Glen E. Young

Paul E. Young and Nellie Mae (Heron) Young welcomed their first son, Glen Elmer into the world on Christmas Day, December 25, 1917. As a young boy he lived with his parents on the homestead on Cherry Creek, north of Terry, Montana where his father ranched and broke horses. He learned at a young age how to ride and properly care for them.  

When he was 5 years old, the family moved to Terry. Paul bought the transfer and ice business. Everything was still done with horses and wagons. Glen learned the business at an early age. He attended school in Terry. 

In the summertime, quite a lot of town people had barns they could keep milk cows in. They would pay Glen $2 per month to take the cows to Paul’s pasture for the day to graze and then Glen would bring them back in the evening. He gave his father half the money because it was his pasture. There were usually 10 to 12 head, so that meant $10 to $12 per month. That was quite a lot of money for a child.

In 1932, his father and Sid Johnson, who both had a lot of horses, got together and decided to send Glen out to ride with the CBC’s (Chapple Brothers Company) to represent them in gathering and branding of their horses. Everyone’s horses ran together on the range. Glen would make sure Paul and Sid’s horses didn’t get shipped off with those belonging to Chapple Brothers. At that time, the CBC’s was the largest and wildest horse operation in America. Quite an experience for someone his age.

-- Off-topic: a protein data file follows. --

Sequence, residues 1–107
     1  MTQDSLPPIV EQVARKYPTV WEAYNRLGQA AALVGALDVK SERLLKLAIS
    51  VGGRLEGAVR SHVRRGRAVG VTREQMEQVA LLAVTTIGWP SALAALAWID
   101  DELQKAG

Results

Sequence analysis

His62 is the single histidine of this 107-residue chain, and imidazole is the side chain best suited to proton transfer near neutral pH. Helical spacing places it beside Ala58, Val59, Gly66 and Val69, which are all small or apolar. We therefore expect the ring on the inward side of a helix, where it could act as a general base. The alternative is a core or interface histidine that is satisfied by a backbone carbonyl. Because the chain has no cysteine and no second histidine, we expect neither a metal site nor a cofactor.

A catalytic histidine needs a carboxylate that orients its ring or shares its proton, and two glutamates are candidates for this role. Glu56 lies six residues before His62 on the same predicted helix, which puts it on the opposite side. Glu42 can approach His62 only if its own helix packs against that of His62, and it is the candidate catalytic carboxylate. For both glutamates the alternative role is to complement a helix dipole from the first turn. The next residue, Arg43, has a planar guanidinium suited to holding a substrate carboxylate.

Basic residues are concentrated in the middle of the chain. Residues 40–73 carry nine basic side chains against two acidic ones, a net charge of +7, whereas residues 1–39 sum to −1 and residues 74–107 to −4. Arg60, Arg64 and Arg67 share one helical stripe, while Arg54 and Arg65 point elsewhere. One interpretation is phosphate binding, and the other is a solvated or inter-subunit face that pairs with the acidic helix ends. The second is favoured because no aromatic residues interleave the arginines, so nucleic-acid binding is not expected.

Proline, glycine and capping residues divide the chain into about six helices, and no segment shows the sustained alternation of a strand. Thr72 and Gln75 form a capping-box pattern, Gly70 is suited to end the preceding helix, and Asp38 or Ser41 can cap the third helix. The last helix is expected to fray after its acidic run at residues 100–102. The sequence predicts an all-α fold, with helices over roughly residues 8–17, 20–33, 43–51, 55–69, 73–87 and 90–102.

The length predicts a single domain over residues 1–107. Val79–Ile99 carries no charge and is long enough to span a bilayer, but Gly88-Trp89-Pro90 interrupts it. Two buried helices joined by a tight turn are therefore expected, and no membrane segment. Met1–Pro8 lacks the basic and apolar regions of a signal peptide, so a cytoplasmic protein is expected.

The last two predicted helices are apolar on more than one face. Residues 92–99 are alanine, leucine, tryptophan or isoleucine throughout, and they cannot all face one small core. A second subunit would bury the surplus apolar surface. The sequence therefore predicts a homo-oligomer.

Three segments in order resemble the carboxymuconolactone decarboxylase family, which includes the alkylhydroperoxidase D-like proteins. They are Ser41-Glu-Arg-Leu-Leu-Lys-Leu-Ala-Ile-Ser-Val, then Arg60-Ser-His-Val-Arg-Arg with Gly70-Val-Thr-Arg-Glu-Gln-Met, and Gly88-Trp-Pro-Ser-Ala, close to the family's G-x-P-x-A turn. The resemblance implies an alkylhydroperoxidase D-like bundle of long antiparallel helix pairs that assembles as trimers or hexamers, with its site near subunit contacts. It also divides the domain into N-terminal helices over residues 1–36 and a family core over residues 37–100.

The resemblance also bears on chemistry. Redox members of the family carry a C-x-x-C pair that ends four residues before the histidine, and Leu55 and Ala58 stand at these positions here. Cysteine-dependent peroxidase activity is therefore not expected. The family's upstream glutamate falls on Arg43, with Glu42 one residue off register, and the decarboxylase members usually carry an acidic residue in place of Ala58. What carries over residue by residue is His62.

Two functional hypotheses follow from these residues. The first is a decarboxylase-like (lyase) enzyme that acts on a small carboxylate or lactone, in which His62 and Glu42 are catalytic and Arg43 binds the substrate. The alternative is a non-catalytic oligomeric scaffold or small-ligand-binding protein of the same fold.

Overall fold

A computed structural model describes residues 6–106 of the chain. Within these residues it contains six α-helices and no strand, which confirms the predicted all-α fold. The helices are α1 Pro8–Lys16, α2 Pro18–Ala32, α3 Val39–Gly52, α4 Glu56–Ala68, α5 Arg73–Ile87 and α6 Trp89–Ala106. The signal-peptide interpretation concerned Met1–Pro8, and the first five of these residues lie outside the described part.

While in school, Glen worked for his parents, who also owned and operated the drayline in Terry. They had a contract to carry mail between the post office and the trains and to transfer freight from the Northern Pacific and Milwaukee railroads, besides lumber, coal and anything from stores to customers. Glen took over the business upon graduation from high school in 1936. That same year, he married his high school sweetheart, Juanita McLarnon. They lived in a small house in Terry. Their first child, Gail was born in 1937 followed by their first son, Paul Dennis who was also born on Christmas day, December 25, 1938, Sandra, Kent and Cyndy.

Glen enlisted in the U.S. Army and went to boot camp. Just when he was ready to ship out to Japan, the bomb was dropped and he was sent home.

Glen was an exceptional bronc rider. He was never bucked off a horse. He also enjoyed music and in fact played guitar and sang in his younger years. In 1942, Glen went to Roswell, New Mexico to build Air Force bases. The family later moved. They returned to Terry a few years later. He was determined to stay home, but ended up traveling to Alaska to work on building the Al Can highway.

Glen worked for several road construction companies through the years. This took him to Colony, Wyoming in 1974 to haul bentonite. A year later he was back to Alaska, where he worked hauling gravel until he retired from the Union in 1985. 

He moved to Belle Fourche, South Dakota to once again haul bentonite. That is where he met his future wife Vicki Davis. They were married December 31, 1991 in Belle Fourche. They later moved to Miles City, where they resided until his death. Glen had been in Friendship Villa for the past few years. Glen would have celebrated his 100th birthday December 25, 2017. He lived 36,383 days. He passed away August 5th with family by his side.

Glen is survived by his wife, Vicki (Davis); sons: Paul Dennis (Chris) Young of Miles City, MT; and Kent (Margo) Young of Belle Fourche, SD; and his daughter Cyndy (Marc) Schimke of Phoenix, AZ; a step-daughter Tiffany Catlett of Florida; and his father-in-law Al Davis of Belle Fourche, SD. He had thirteen grandchildren, fourteen great-grandchildren and eight great-great-grandchildren.  

He was preceded in death by his parents and brothers: Chet, Eugene and Alvin; his sister: Lila (Dan) Hewitt; daughters: Gail Bibeau and Sandra Binder; grandson: Michael Bibeau; and granddaughter: Bree Elena Young.

Military Graveside Services will be held on Thursday, August 10, 2017 at 11:00 a.m. at the Prairie County Cemetery in Terry.

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